Bloomberg Business News reported yesterday that the Air Force and Navy want to kill their respective versions of the Joint Tactical Radio System (JTRS, or “Jitters”). Reporter Tony Capaccio is the gold standard for accuracy on such stories, so if defense secretary Robert Gates goes along with the service recommendations, the curtain will soon fall on the last of the big Rumsfeld networking initiatives. Space Radar and the Transformational Communications Satellite (TSAT) have already been shown the door, and nobody really knows what is going to happen to the Army’s network-centric Future Combat Systems program now that Gates has told vehicle designers to rethink their plans.
The big system-of-systems initiatives begun under the banner of military transformation never got firmly rooted in the political system or the military bureaucracies, but that doesn’t mean they were bad ideas. JTRS in particular had the potential to eliminate barriers to communication among diverse tactical units by utilizing a “software reconfigurable” design that could instantly adjust to use many different waveforms. Because the services acquired their current communications systems in a haphazard way over the years, it is not uncommon for planes such as the C-130 Hercules to carry half a dozen radios so that all the players in an operation can communicate. Needless to say, it is very expensive to maintain so many different types of radios, and warfighters have undoubtedly died for lack of the right links in life-threatening situations.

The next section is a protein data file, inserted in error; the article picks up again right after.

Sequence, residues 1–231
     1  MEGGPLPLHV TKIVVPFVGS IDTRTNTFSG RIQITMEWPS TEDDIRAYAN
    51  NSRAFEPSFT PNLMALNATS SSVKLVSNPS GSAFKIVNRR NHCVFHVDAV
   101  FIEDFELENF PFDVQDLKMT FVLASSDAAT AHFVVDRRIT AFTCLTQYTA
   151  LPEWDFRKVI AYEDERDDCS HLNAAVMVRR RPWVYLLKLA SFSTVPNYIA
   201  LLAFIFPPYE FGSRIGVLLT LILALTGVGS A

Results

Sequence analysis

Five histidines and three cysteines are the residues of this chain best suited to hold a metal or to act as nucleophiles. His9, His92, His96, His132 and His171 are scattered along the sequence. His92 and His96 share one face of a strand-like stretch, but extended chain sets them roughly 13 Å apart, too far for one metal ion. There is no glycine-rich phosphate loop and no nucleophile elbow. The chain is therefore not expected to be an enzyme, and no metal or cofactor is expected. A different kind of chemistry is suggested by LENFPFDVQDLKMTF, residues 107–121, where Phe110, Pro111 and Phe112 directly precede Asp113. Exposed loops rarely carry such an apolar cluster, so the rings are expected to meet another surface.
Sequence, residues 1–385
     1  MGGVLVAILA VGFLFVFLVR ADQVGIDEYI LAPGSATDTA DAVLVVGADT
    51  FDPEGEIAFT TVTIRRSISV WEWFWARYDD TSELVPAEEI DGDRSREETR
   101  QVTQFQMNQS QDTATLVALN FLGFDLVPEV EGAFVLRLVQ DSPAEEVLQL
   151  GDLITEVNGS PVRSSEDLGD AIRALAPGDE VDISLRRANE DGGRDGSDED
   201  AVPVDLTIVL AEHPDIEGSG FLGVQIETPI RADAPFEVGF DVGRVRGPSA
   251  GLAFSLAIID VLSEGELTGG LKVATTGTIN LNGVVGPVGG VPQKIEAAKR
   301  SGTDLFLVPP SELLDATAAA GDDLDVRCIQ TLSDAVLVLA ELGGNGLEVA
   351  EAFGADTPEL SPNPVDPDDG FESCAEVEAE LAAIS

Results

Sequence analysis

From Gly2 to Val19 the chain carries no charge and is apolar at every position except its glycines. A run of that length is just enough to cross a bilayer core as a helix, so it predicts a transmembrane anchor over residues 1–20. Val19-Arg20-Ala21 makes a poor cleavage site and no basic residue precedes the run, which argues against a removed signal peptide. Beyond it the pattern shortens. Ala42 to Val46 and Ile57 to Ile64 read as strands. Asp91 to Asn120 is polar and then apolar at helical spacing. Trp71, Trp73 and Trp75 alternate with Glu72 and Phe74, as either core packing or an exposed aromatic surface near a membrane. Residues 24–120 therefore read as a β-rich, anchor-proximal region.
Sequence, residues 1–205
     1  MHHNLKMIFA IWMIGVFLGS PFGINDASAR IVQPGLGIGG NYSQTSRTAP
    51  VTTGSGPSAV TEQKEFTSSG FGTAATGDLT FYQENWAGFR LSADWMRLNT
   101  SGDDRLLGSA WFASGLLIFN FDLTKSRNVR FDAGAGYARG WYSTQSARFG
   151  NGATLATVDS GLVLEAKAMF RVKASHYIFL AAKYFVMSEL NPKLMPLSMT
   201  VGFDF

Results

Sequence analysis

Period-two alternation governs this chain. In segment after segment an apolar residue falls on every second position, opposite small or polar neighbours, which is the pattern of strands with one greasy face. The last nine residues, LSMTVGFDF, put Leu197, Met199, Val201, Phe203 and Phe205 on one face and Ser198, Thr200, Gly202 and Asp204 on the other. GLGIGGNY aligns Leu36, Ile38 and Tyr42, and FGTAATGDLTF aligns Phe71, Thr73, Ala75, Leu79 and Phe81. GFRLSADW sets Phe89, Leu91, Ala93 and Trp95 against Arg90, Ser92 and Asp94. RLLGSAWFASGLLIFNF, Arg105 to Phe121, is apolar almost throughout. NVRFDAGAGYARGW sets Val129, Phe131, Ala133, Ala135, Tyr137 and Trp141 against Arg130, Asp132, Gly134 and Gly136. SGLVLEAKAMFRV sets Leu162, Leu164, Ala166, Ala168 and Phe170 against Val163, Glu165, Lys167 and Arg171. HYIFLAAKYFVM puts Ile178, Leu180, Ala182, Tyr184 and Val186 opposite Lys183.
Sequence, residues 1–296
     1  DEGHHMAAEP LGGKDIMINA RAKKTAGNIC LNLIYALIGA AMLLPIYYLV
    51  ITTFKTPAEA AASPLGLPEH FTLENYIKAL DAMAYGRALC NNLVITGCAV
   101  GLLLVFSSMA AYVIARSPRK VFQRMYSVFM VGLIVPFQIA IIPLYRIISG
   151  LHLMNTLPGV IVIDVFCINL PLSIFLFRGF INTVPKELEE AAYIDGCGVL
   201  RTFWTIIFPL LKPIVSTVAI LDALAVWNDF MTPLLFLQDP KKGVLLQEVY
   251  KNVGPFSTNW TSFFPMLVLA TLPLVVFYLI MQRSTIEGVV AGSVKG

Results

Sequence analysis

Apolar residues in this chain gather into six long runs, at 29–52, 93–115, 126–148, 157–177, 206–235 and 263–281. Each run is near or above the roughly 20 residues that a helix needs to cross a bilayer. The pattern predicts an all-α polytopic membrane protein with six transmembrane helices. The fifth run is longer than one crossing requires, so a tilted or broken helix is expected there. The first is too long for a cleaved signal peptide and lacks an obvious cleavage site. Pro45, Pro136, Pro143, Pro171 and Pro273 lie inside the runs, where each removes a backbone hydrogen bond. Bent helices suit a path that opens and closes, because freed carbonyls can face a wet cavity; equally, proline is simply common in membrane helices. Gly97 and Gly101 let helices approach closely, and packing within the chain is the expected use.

Apparently that was not enough to save JTRS in the Air Force and Navy budgeting systems. The Army will soldier on with its version of the radio, because it takes most of the casualties when communications break down. The fact that the other services feel no sense of obligation to land warriors to preserve their part of the program speaks volumes about the durability of jointness when budgets become tight. The Air Staff has been quick to turn Bush-era networking initiatives such as TSAT into bill-payers when it thought the new administration wasn’t watching, and its 2011-2015 budget plan is full of communications and reconnaissance cuts that will hurt soldiers more than airmen. Vice Chairman of the Joint Chiefs Gen. James Cartwright threw Air Force budgeteers out of his office recently for proposing an early kill of the JSTARS radar plane, but that hasn’t deterred the service from proposing cuts to other programs like JTRS that would have enabled it to better support warfighters on the ground.
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